On his return home, Trump proclaimed a “great American comeback” and said “the future has never looked brighter”.  But many observers doubted that Trump had really achieved much as regards rectifying US trade imbalances or opening markets. The $250 billion trade deals signed in Beijing include previous purchases and many non-binding MOUs. They certainly do not represent changes in China’s trade and investment policy. As a candidate, Trump rarely missed an opportunity to lash out at China for unfair trading and as a currency manipulator; but as president he merely blamed his predecessors for the US trade deficit with China.


Next to righting trade imbalances the forming of a coalition against nuclear North Korea was a top issue on Trump’s agenda. He was the first US president to deliver a speech at the South Korean parliament since Bill Clinton in 1993. Instead of using this unique opportunity to reach out to the regime in the North (which he described as a ‘cult’) Trump made a frontal attack on Kim Jong-un leading the DPRK leader to call Trump an “old lunatic.” This led to one of Trump’s better replies stating that he never called Kim “short and fat.” Meanwhile three US aircraft carriers were taking part in a military exercise in the Western Pacific, in a show of strength aimed at North Korea.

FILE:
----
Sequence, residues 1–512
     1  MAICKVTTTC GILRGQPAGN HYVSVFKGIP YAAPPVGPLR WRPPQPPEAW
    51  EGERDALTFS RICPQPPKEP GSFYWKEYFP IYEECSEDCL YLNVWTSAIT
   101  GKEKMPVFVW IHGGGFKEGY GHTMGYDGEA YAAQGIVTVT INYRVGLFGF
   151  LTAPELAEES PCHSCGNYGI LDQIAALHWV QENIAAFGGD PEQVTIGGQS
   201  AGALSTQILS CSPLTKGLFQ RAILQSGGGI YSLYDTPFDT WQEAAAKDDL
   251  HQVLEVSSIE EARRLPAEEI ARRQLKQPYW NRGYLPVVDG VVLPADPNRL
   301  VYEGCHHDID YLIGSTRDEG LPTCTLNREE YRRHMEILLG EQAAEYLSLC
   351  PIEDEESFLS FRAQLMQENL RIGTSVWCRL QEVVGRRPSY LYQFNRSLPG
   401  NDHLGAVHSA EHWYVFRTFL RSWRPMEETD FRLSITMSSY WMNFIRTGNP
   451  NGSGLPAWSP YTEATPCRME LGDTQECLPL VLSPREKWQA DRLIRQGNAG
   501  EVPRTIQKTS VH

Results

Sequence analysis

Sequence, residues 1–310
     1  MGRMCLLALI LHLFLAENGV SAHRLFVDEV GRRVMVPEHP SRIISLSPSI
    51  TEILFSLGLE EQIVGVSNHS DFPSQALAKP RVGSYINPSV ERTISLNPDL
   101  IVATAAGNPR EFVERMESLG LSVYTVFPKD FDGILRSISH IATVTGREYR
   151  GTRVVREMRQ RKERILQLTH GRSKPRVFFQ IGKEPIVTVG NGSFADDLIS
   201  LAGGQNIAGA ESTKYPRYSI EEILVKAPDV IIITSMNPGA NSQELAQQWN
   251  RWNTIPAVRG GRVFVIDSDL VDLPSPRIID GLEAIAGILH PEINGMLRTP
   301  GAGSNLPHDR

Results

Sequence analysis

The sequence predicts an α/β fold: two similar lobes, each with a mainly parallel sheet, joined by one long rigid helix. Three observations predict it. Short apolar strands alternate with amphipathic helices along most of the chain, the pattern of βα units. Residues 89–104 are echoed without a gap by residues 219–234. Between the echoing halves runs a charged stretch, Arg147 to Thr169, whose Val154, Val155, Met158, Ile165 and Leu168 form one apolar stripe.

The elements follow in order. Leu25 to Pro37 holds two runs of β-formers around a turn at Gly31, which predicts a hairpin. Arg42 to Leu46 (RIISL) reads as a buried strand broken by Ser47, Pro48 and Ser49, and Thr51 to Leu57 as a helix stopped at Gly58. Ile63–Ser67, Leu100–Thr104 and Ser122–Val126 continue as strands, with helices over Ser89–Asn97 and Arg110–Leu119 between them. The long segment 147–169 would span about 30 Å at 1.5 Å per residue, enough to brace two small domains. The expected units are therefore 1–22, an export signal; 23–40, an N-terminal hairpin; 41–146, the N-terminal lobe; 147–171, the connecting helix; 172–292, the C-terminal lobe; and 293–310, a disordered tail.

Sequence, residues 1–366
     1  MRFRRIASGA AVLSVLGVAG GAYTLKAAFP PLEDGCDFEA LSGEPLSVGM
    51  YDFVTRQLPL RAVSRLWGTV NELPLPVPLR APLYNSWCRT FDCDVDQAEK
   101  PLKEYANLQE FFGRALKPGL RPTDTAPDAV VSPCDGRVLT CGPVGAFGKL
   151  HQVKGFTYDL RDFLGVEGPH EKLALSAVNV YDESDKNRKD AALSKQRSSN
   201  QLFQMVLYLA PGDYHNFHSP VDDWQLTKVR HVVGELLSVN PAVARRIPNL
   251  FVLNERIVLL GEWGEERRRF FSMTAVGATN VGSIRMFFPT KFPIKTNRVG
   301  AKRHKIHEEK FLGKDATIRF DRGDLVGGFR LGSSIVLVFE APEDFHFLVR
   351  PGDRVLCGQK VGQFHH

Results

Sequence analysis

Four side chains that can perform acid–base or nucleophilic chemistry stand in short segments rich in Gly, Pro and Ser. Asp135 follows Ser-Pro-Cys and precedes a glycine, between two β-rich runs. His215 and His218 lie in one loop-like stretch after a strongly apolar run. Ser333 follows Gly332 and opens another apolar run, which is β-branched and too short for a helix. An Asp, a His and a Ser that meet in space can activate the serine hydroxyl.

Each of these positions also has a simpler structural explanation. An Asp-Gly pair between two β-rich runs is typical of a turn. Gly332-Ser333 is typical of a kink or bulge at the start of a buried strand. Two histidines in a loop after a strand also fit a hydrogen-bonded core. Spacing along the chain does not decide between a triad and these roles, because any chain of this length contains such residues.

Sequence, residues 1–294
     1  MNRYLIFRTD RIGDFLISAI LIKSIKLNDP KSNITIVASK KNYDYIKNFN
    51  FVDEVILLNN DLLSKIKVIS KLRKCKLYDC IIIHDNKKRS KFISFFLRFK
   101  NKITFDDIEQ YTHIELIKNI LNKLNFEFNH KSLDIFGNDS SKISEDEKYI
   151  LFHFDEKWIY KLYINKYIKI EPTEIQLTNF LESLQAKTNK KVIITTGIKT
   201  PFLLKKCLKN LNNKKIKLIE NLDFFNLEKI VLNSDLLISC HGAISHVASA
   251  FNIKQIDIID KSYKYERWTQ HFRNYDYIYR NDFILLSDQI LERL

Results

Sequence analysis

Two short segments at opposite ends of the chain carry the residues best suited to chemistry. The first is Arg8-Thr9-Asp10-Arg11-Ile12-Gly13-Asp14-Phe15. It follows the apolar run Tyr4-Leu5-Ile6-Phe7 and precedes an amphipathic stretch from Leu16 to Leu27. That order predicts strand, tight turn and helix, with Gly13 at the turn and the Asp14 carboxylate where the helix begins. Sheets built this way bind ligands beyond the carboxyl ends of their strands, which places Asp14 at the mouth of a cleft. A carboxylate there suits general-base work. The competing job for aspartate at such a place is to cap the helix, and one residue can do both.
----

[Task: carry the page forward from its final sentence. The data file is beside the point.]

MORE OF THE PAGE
Neither Seoul nor Beijing offered a change in their respective North Korea policy after Trump’s visit. Instead both countries ended a year-long stand-off over Seoul’s deployment of the US anti-missile system THAAD only days before Trump’s departure to Asia. The unexpected détente was followed by a meeting of Xi and Moon on the sidelines of the APEC Summit in Vietnam where both praised the Seoul-Beijing agreement of October 31 which Xi called a “new start and a good beginning”.


Trump’s APEC Da Nang speech was an attack on the multilateral trading system (including TPP) and unfair trade practices (read China/Japan). Trump’s contradictory messages to the Asian leaders – let’s unite against DPRK but expect “America First” when it comes to trade – created perplexity, to say the least. It was thus Xi Jinping who assumed a leadership role by offering a vision of the region moving forward together and by speaking of multilateralism, climate change and innovation.


Trump’s leader-to-leader diplomacy did not win him any invitations to negotiate bilateral trade deals. Instead the president found himself outside looking in when the 11 remaining TPP members announced an in-principle agreement to implement the deal - without the US. The parallel RECEP negotiations were also given a boost at APEC.

Expectations were not high for Trump’s tour and US officials were pleased that his exhausting schedule did not result in major gaffes. His critics at home, however, noted that he did not bring up human rights at any point and seemed to be in awe of President Xi who put on a spectacular welcome for Trump in the Forbidden City. They also considered that he had de facto handed the leadership in Asia to China by refusing to engage in multilateral trade talks. Time will tell whether this was truly a passing of the torch.